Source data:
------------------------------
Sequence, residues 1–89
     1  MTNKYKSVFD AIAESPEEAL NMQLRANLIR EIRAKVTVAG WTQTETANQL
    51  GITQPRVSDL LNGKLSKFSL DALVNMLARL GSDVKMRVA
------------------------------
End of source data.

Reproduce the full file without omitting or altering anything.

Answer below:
Sequence, residues 1–89
     1  MTNKYKSVFD AIAESPEEAL NMQLRANLIR EIRAKVTVAG WTQTETANQL
    51  GITQPRVSDL LNGKLSKFSL DALVNMLARL GSDVKMRVA